Marvel’s Uncanny X-Force #11 hit the stands and continues to be one of the best books by Marvel and their best super hero book by far. The pace of the story telling is excellent. The plot never dawdles or meanders about; it is a crisp fast pace that just continuously moves the story forward. What is most impressive about the story telling is how each issue succeeds on its own merits. Writers with better pedigrees and more star status can’t pull it off, but Remender is doing a great job with Uncanny. The issue is called The Dark Angel Saga Chapter One, but it is picking up from the last issue as though page 1 was actually page 21 from last issue. The base story this issue is the team goes to the world of the Age of Apocalypse to get the life seed to save Warren. The evil Beast manages to leave them in that world and they fail to get the seed. It is a story with a beginning, middle and an endpoint. The epilogue then takes us to setting up the next chapter, but the issue stands on its own. Heck I want to read the Age of Apocalypse stuff since this has me so interested in that alternative reality. As good as the story is the art is also very good and we have at least the fourth different artist. Mark Brooks stylistically is not even close to people like Opena and Tan, yet because they have a more realistic style and the color artist has remained the same the atmosphere and feel of the book is very consistent. Finally the publishing schedule has been closer to about an issue every three weeks and that just helps push the book along even better. The one slow issue where Magneto asks the group to do something is quickly forgotten as we jump back into story after story.
DC’s massive announcement has me worried about the few series I like and this week’s Secret Six #34 was a bittersweet issue. As always Gail Simone along with artist Jim Califore create a great issue and make characters like Catman, Scandal, Bane, Ragman and the rest some of the most interesting people in the DCU. The almost family like dynamic has been amazing to watch grow and at the same time they are still not the nicest people you would ever want to hang around. The bitter portion of this book is what it will look like after August or if it will be here after August.
What has to be considered the core book of the DCNu came out with Flashpoint #2. The story opens with Deathstroke as some sort of pirate floating around the flooded out remains of Paris. His crew has characters that I recognize from Warlord and also has names like Clayface and Electric Eel. It has a shock moment when a scarred Aquaman with his brother Ocean Master jump up on the ship ready to kill Deathstroke. Now I know we are suppose to just go with the flow and let the mini-series maybe fill in some of the blanks but this type of stuff exemplifies the problem with alternative world books. Why would what the Reverse Flash has done change history to create this type of stuff? Deathstroke is a character who has a strong origin and basis and I guess you can say this is a natural offshoot of his mercenary nature, but it feels totally out of sorts. Also Aquaman as such an evil Emperor, I’m guessing Johns feels nurture beats nature all the time. In my mind I like to think a true hero would overcome any circumstance. I did enjoy Barry trying to get his powers back and it ended up costing him big time. Three issues is not a lot of time to right the world and of course with DCNu around the corner we know Barry will not succeed as we march into a brave new world. Of course fixing the timeline in its entirety down the road is always an option to reboot the re-launch.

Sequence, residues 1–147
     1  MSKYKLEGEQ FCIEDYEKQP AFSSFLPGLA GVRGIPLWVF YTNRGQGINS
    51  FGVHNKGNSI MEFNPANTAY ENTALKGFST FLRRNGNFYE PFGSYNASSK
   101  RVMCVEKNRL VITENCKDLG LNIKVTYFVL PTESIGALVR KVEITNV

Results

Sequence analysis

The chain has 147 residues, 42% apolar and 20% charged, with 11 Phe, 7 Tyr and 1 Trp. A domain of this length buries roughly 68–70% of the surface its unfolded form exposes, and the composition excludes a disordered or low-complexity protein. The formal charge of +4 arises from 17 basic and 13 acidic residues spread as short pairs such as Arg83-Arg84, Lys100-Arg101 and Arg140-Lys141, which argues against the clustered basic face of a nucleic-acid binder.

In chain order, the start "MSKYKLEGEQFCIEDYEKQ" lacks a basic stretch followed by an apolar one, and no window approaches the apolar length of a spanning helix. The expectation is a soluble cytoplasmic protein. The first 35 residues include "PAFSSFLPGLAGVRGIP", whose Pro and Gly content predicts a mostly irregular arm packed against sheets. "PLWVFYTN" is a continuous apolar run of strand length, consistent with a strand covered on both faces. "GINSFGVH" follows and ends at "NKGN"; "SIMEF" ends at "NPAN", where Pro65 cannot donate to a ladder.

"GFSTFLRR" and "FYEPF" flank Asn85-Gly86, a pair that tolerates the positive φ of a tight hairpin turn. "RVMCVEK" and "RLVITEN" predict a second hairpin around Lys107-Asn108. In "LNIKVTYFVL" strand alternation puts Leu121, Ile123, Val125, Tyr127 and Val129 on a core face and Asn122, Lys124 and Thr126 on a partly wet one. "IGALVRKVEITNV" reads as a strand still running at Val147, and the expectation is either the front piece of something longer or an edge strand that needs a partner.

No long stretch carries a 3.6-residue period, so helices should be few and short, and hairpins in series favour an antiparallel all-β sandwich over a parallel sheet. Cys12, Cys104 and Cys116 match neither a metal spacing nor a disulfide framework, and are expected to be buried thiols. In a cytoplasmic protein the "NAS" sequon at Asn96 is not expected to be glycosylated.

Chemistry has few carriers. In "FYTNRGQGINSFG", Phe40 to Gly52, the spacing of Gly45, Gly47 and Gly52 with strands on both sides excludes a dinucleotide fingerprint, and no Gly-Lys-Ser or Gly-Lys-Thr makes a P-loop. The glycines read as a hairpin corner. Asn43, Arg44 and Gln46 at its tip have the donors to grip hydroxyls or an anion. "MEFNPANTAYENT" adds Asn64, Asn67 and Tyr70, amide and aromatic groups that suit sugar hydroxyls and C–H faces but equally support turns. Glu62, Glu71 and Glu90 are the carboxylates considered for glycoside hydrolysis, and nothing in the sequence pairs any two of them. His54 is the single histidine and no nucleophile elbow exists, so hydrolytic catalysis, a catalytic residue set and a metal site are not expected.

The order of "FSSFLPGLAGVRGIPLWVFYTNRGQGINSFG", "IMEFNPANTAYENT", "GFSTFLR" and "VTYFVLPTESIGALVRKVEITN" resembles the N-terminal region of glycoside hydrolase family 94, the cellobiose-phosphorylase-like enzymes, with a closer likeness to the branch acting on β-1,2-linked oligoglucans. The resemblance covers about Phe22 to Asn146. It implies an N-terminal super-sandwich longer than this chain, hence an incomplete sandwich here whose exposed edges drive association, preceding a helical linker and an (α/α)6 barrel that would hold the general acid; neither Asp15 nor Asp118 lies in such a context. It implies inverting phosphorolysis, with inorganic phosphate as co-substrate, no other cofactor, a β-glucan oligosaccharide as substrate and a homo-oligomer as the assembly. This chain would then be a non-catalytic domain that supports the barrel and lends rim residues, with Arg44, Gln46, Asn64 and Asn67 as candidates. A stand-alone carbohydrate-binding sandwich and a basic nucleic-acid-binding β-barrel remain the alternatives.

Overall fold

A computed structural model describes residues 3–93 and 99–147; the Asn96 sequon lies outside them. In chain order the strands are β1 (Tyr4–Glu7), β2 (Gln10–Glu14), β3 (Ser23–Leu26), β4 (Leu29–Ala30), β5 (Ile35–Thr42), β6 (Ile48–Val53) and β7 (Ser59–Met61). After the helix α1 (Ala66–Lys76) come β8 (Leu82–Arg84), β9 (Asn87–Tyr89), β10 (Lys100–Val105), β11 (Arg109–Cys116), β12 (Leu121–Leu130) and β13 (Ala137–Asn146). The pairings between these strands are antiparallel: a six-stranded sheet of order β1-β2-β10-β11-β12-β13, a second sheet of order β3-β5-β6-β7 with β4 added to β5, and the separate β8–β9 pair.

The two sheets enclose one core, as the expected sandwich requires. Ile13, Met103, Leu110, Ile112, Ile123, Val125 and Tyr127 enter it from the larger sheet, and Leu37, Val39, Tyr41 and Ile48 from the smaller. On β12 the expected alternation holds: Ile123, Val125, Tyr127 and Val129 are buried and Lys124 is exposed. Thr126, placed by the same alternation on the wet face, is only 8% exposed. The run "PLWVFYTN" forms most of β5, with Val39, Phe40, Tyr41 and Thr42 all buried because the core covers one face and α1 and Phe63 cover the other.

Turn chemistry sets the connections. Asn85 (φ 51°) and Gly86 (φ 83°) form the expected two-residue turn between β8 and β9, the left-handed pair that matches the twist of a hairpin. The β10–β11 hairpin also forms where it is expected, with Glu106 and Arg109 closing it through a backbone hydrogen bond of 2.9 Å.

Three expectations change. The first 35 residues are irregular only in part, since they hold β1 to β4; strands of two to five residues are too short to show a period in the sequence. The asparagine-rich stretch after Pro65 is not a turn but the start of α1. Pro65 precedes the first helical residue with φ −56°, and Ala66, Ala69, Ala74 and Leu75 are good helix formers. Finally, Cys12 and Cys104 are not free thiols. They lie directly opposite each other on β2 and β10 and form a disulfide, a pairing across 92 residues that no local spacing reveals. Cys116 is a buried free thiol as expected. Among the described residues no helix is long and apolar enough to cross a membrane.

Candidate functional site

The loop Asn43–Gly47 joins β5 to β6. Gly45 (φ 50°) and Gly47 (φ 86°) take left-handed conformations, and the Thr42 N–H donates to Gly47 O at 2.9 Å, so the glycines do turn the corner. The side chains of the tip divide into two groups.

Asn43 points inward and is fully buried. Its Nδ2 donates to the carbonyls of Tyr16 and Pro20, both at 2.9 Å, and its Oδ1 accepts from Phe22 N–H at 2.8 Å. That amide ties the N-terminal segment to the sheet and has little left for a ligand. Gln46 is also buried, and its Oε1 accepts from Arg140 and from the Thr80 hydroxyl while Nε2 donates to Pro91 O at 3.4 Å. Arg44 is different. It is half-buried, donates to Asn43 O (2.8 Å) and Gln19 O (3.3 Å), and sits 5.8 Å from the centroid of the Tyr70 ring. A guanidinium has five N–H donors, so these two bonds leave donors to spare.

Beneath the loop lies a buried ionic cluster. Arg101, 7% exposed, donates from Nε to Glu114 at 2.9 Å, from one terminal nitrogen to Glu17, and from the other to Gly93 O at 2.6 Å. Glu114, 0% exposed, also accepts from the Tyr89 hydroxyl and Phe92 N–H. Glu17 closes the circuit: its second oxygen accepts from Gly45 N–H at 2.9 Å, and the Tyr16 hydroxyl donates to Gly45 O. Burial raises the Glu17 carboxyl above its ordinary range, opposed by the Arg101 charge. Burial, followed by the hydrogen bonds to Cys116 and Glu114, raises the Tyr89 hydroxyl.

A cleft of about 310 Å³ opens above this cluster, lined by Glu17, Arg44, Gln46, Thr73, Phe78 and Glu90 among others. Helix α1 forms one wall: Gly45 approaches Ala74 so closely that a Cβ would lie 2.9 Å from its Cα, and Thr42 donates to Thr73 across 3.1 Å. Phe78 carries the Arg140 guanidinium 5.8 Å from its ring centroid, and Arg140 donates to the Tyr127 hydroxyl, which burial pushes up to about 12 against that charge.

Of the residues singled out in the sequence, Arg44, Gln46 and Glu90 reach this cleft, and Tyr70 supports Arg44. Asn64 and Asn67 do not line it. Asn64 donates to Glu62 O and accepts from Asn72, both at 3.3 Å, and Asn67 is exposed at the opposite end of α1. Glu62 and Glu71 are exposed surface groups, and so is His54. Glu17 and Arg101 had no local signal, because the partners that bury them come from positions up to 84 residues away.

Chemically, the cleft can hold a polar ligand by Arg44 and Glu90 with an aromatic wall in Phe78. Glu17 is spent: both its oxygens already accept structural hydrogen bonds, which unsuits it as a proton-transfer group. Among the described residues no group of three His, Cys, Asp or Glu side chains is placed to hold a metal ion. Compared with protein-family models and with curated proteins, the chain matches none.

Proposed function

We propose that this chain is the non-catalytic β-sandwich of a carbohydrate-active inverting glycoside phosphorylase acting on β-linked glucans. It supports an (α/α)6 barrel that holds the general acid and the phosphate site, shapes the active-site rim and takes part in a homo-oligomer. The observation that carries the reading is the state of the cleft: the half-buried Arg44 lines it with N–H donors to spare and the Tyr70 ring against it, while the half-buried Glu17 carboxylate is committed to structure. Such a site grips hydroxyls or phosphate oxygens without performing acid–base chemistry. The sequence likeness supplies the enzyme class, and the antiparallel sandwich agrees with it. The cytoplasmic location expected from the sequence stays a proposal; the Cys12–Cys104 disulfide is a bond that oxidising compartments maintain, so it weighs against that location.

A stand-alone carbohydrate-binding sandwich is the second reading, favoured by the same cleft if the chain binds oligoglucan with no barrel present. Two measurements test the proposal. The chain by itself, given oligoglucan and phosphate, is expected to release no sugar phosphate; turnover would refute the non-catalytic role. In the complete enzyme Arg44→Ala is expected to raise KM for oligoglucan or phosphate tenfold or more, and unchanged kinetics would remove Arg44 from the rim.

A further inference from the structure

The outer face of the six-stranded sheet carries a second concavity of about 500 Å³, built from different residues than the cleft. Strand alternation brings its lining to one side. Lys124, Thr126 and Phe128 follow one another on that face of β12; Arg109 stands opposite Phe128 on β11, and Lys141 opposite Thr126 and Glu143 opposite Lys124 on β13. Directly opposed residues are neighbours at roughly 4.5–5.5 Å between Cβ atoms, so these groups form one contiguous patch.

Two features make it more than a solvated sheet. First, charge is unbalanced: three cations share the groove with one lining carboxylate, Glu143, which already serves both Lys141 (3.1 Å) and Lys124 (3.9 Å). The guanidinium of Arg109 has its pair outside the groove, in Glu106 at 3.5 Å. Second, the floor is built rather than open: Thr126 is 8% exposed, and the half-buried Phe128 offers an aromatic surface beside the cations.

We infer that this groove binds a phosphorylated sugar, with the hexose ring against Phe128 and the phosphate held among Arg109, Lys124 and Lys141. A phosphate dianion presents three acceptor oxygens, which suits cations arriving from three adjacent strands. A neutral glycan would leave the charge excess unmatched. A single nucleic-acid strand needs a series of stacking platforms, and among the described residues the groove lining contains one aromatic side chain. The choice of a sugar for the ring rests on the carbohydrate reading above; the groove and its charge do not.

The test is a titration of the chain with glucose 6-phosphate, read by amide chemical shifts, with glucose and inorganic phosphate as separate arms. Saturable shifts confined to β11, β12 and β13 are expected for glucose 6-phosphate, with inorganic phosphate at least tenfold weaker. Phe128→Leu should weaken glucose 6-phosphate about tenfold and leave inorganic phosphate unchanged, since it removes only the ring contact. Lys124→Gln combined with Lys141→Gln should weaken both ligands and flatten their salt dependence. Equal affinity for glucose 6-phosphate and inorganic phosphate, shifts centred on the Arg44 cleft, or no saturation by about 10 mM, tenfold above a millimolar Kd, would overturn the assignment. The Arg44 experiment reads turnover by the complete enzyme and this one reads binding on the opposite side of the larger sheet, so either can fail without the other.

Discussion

Possibly the best book this week is Flashpoint Batman Knight of Vengeance #1. Brian Azzarello and Eduardo Risso have always been a great team. Brian’s style of writing often leaves me confused as his work can be obtuse at times. This was a straight forward story, with terrific art by Risso, who never fails to deliver great art. Thomas Wayne is Batman and he is a harsh version of the character. This Batman is not a great fighter or detective, but is a man with a mission to take out crime and crush it in any way that he can. From beginning to end you are drawn into this version of Batman and understand why he is this way and how the familiar cast of characters has changed. Thomas is harsh and willing to kill and is not a person you would want to face in a dark alley. Batman is someone to be feared, but not in the way Bruce crafted his persona, but in a whole different way.
That puts last week to bed. Next week’s list is still too darn long. Of course signing up for all the Flashpoint issues hurts. I have to say one thing with DC re-launching everything and not knowing what is changing in their continuity I find it hard to care about any of their regular series right now. The list is American Vampire Survival of the Fittest, Batman and Robin, Birds of Prey, Flashpoint Citizen Cold, Flashpoint Deathstroke The Curse of Ravager, Flashpoint Emperor Aquaman, Flashpoint Frankenstein Creatures of the Unknown, Preacher HC Volume 4, Red Robin, Scalped, Titans, Unwritten, Annihilators, Ka-Zar, Mystery Men, New Avengers, Punishermax, Wolverine, Breed, Green Wake, Morning Glories, Spawn, Savage Sword of Conan, Total Recall, Caligula, Farscape, Echo, the last issue - :(, Vamperilla and Warlord of Mars.